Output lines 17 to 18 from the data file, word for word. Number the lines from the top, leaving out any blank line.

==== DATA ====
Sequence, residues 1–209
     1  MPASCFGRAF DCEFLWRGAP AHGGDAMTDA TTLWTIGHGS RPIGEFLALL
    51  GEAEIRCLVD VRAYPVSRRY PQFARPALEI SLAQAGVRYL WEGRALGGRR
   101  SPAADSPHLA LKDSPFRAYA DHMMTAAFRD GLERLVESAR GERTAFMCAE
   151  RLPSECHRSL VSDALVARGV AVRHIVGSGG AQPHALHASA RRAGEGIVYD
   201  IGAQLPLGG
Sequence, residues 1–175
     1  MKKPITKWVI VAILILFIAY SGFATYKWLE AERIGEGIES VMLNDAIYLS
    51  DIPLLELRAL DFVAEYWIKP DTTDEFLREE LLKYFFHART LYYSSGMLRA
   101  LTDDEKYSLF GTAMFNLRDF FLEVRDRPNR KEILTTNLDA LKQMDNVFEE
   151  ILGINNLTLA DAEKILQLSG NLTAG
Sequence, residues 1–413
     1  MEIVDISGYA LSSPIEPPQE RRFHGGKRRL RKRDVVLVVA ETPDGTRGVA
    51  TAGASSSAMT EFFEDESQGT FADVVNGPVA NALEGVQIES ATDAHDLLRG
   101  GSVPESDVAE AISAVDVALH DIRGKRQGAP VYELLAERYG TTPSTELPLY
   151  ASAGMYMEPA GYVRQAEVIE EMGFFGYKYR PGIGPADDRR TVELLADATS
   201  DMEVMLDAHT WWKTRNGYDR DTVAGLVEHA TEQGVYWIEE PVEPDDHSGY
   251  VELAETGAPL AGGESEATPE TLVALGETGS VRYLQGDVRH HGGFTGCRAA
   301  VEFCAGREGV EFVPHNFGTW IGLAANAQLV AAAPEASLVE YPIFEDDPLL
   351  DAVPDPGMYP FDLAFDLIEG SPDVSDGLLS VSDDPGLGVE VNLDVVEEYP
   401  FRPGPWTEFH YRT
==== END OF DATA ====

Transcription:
   201  DMEVMLDAHT WWKTRNGYDR DTVAGLVEHA TEQGVYWIEE PVEPDDHSGY
   251  VELAETGAPL AGGESEATPE TLVALGETGS VRYLQGDVRH HGGFTGCRAA